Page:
June 15, 2011
I’ve just finished reading a book called Surviving Death, a 393-page work written by Mark Johnston of Princeton University. I was astonished that an academic philosopher of distinction could write a book with such a title. He himself was teased by his colleagues when he confessed his project to them. What is Johnston’s position? Can he seriously believe in an afterlife, and if he does, what is the nature of that afterlife? I can’t hope to do justice to Johnston’s dense and subtle arguments. What follows, then, is my own limited understanding, my own extrapolations and--dare I say, insights?
Johnston’s position lies somewhere between two extremes that are commonly accepted in our time. One is the belief in bodily resurrection. On Judgment Day, the good will rise to Heaven, the bad will descend to Hell. For centuries, Christians have subscribed to this belief and many, the fundamentalists, still do. The other extreme, accepted by liberal secularists, is that our body will decay and become dust, but we will be remembered and, moreover, the consequences of our good deeds and fertile thoughts will linger on. You probably are not happy with either extreme, inclined to dismiss the one as pure superstition and the other as feeble consolation. If so, you have Johnston’s sympathy. He, for his part, argues for a vision of afterlife that is weaker than the one, that is to say, less materialistic and embodied, and stronger than the other, that is to say, more embodied than just fading memories and impacts. An incarnate afterlife is not, however, available to everyone. Only the good have access. This caveat appeals to me, for I have always wanted goodness to count seriously, and it seems to me that it cannot do so unless it has some sort of metaphysical grounding. That would seem to be Johnston’s position too. His argument for an incarnate afterlife is also a defense of the seriousness–the deep value–of goodness. Unfortunately, I am not bright enough to follow the intricacies of his argument. What I do have from reading him is a convincing psychology.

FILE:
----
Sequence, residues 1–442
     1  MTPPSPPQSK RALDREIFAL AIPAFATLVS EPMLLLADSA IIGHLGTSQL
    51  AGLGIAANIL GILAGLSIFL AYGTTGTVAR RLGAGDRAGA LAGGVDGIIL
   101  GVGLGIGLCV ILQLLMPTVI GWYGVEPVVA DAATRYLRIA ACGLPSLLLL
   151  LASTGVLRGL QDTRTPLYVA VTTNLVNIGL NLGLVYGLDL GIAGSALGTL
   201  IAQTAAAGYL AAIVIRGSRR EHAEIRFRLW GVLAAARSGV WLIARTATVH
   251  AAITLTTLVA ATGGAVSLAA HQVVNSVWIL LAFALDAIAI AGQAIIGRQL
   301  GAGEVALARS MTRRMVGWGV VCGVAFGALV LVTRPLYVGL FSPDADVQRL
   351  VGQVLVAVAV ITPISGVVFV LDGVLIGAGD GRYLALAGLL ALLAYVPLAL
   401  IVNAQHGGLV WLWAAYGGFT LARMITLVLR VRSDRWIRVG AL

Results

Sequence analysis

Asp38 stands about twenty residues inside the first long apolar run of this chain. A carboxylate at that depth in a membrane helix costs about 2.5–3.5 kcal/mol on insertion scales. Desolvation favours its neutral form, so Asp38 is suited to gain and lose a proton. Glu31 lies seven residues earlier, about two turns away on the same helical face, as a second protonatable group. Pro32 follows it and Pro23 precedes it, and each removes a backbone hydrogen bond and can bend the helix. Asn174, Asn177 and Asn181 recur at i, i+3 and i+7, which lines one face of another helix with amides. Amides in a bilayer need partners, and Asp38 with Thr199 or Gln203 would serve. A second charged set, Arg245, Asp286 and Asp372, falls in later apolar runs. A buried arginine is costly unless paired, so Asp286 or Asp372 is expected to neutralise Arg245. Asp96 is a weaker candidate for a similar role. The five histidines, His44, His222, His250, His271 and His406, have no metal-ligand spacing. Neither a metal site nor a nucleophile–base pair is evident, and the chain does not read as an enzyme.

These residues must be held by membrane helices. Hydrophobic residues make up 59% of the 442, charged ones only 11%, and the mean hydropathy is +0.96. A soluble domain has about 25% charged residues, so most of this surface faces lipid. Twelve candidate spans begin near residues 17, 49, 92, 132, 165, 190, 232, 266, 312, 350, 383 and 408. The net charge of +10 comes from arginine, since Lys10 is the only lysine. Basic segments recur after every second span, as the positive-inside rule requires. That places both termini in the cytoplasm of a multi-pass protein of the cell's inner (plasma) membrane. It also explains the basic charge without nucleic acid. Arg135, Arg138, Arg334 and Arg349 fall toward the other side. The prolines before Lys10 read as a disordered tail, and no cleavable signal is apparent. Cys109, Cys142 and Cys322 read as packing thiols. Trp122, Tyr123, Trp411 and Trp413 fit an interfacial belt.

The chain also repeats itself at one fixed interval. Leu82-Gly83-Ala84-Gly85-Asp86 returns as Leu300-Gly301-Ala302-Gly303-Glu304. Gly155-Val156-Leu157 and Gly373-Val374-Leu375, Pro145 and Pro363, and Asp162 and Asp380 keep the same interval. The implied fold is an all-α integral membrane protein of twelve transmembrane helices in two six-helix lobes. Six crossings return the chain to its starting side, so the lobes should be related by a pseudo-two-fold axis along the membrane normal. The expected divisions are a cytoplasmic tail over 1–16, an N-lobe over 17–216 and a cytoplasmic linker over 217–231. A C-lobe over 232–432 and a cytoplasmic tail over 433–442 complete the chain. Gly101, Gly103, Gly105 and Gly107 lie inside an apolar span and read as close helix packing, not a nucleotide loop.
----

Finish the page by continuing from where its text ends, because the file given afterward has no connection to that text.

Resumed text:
Good people are by definition selfless. Not being burdened by a tiresome self forever demanding attention and massaging, good people devote their mind and love to the outside world. Scientists can be selfless, so engrossed with nature’s mysteries that they forget sleep, even food. They dwell in nature’s mysteries, and are so de-centered as to become incarnate in the objects they study. When a student asked George Wald, a Nobel laureate in chemistry, how will he–the student–know that he has truly understood his subject, Wald’s reply was, “Do you know how it feels to be a molecule?” Now, extend this power of empathy to animate nature, and you have a more conventional picture of the good man or woman. Take the Samaritan, an archetype of goodness in the moral realm. He sees a wounded stranger by the roadside and he, for the moment, lives in that stranger, becomes that stranger, is incarnate or embodied in that stranger. He feels the stranger’s sense of abandonment, and immediately proceeds to help. He can no more step aside than he can refrain from drinking water when he is desperately thirsty. The “I” and the “he” are no longer separate. They have become one. The same psychology is at work when the good person identifies with the beauties of nature and of the world. He is not only a spectator. He not only watches and admires that which is before him, but has momentarily become it. He has put on the glory of the sunset, the majesty of a waterfall, the innocence of a baby, the courage of a firefighter, the cozy hospitality of a cottage, the pride of a skyscraper.